* Awarded 'Best Role-Playing Game' 2009, 'Best New I.P.' 2009
Hey, remember thinking about stuff? Well that’s back baby!
'Dragon Age: Origins' is a video game version of 20 sided die nerd-a-thons by the masters of the genre, Bioware. Along with being a masterful RPG, 'Dragon Age: Origins' has also been billed as the spiritual successor to 'Baldur’s Gate'.
Me kissing BioButt
Indeed it can be said that of all the games that I have played in my long gaming history there are a few design groups that really stand out. Among them, Bioware has to be at the top. Let’s look at their track record…they gave us the exceptional 'Baldur’s Gate' series, 'Knights of the Old Republic', 'NeverWinter Nights' and the recent gem 'Mass Effect'. Now Bioware have gone and done it again, creating a sword and sorcery epic that makes me feel like a nerd in the most delightful way possible. 'Dragon Age: Origins' hit all the right notes of a proper fantasy and a proper Bioware RPG. Aside from our health care system and good beer, Canada should be wearing the fact that this design house is located on our soil like a badge of honour.
Me talking about jerks
I will get the complaint out of the way first. Yes I said “complaint”, singular, because there really is only one single niggling thing that certain folks (usually under the age of 18) find irksome, and that is the graphics engine. Some people find that it looks dated. It certainly isn’t a cutting edge visual presentation, but if this ruins the game for you then by all means please stop reading this review and go look at something shiny. Not playing a game like this because of the way that it looks would be like telling Megan Fox to get off of your lap and stop making out with you because you don’t like the fact that her shirt says “I hate A.D.D. kids and twitch gamers”.
Now I can discuss this game with the people out there who love video games when they are at their best, which is clearly the case here. Dragon Age gives you one the greatest single player experiences in gaming history. Upon starting the game you get to choose your race. Whether it is a Human, an Elf, or a Dwarf is up to you. You also choose your sex and your class from Warrior, Rogue, or Mage. To people unfamiliar with RPG lingo I will break the classes down respectively. You have your Conan guy, your uh, smaller Conan guy who picks locks, and…Professor Dumbledore. You also get to work with one of the most well designed character appearance generators ever. Mass Effect’s generator was good, but Bioware have perfected it here.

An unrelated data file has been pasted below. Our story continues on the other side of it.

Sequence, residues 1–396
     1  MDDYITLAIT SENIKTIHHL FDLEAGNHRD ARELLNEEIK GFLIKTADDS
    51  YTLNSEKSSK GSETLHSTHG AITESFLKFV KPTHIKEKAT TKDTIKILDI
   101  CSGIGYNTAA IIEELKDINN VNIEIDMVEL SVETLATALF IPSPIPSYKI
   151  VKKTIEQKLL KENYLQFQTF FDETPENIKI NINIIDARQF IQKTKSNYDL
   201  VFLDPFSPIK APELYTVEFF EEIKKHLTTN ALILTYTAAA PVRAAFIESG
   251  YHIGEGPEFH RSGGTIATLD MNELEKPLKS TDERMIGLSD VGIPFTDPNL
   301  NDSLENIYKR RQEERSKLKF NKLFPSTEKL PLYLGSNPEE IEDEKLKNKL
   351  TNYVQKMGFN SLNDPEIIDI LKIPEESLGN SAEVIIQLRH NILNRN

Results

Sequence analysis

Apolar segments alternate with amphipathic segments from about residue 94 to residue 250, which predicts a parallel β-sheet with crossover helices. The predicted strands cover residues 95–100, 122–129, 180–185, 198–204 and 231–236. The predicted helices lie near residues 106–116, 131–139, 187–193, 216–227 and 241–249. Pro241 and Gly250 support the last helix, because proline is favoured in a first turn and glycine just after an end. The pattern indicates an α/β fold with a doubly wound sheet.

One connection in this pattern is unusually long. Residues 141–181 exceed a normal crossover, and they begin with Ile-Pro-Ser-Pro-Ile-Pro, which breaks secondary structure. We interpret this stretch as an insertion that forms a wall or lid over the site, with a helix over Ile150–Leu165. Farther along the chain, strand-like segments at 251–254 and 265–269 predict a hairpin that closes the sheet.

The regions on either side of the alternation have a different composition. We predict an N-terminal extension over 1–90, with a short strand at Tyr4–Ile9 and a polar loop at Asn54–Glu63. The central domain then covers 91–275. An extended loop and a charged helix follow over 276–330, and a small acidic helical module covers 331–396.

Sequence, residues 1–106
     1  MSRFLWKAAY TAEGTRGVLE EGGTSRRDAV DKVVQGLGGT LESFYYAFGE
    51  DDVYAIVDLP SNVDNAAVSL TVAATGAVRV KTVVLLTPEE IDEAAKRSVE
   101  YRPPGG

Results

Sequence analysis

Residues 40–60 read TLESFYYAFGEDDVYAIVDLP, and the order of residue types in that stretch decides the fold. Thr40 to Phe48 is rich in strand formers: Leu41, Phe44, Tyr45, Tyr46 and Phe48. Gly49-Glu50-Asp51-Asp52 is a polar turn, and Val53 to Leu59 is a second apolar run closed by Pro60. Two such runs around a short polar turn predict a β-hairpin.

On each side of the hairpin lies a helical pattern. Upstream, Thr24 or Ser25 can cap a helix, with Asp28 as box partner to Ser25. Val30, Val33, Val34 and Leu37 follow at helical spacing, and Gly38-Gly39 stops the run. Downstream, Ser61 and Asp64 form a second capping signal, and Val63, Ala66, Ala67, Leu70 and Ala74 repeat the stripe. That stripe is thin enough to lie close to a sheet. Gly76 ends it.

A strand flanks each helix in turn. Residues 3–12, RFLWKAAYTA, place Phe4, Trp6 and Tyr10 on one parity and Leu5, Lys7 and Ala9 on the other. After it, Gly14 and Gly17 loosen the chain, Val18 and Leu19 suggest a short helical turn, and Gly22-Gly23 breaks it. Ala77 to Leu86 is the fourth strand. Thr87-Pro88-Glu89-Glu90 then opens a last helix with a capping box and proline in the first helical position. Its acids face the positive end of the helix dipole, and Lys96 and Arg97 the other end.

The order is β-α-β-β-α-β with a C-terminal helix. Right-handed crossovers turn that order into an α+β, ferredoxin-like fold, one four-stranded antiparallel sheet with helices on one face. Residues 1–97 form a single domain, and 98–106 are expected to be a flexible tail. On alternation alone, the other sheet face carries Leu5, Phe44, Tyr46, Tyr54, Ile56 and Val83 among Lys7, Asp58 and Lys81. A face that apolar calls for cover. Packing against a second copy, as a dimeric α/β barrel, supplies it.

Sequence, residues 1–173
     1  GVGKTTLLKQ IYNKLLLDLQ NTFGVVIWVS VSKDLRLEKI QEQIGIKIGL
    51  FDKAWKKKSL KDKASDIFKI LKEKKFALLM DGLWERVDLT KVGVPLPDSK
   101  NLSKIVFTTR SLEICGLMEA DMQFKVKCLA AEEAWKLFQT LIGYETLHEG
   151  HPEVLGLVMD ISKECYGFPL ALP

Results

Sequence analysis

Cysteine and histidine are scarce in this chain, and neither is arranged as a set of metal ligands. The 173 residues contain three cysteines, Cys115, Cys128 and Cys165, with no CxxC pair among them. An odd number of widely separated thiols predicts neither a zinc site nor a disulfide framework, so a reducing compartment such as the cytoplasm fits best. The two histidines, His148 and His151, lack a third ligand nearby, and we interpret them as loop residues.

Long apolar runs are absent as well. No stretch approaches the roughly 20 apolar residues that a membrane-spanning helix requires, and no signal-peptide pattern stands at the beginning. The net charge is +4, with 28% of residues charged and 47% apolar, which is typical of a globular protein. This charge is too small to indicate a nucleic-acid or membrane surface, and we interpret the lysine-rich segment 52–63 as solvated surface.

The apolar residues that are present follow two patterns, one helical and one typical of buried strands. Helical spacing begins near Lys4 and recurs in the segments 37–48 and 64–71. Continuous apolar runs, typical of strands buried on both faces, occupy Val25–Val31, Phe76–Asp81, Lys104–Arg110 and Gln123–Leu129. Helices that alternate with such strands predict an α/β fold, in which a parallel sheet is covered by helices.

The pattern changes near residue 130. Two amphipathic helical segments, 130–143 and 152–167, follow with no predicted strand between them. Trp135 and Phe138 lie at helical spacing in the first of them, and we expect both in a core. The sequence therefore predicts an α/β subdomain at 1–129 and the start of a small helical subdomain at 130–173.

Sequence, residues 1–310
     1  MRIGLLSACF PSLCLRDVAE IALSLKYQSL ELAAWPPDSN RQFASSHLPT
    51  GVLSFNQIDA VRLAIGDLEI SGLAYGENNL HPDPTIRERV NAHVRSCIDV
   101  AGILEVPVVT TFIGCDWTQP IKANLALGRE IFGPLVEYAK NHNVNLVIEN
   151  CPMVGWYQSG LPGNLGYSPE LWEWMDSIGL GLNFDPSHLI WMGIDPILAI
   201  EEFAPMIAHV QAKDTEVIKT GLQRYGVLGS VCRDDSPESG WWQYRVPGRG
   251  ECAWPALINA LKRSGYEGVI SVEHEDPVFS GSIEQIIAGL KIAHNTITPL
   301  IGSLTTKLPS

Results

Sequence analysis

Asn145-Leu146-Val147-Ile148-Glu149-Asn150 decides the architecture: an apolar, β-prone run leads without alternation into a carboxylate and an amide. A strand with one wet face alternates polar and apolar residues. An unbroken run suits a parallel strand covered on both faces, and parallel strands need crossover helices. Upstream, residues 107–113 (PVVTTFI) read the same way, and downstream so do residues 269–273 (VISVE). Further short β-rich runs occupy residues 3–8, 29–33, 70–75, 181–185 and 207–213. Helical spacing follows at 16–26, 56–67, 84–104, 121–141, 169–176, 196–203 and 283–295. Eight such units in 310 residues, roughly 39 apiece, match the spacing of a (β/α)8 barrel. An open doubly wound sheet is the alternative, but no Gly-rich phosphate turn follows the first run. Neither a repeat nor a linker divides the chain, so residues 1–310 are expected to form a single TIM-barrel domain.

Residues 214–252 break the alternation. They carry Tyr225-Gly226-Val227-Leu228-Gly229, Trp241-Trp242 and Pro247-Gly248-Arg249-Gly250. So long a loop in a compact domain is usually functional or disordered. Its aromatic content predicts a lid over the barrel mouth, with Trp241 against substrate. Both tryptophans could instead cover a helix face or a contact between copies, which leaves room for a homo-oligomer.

Don’t spoil it!
After you choose what your in game avatar will look like the story begins in earnest. You get a tutorial to play through which also serves to dole out healthy amounts of who your character is and also gives you a nice perspective on the world in which you live. Soon though, things go south and you get to start acting all heroic (or anti-heroic if you choose) and you are off. The plot is well thought out and pretty damn tight. It also has a really nice pace to it. No matter which background story you choose you will soon find that an ancient society of heroic defenders called 'The Grey Wardens' needs you to help them stop the rise of an ancient evil. You will meet some great characters at the outset of your mission, and then the plot starts to thicken and you soon find that your quest has just gone from daunting to epic, and then to super epic and beyond. One of the main selling points of this game is the story, so I can’t really get into it, but I will say that there exists within this game hours and hours of material to play through.
A morality play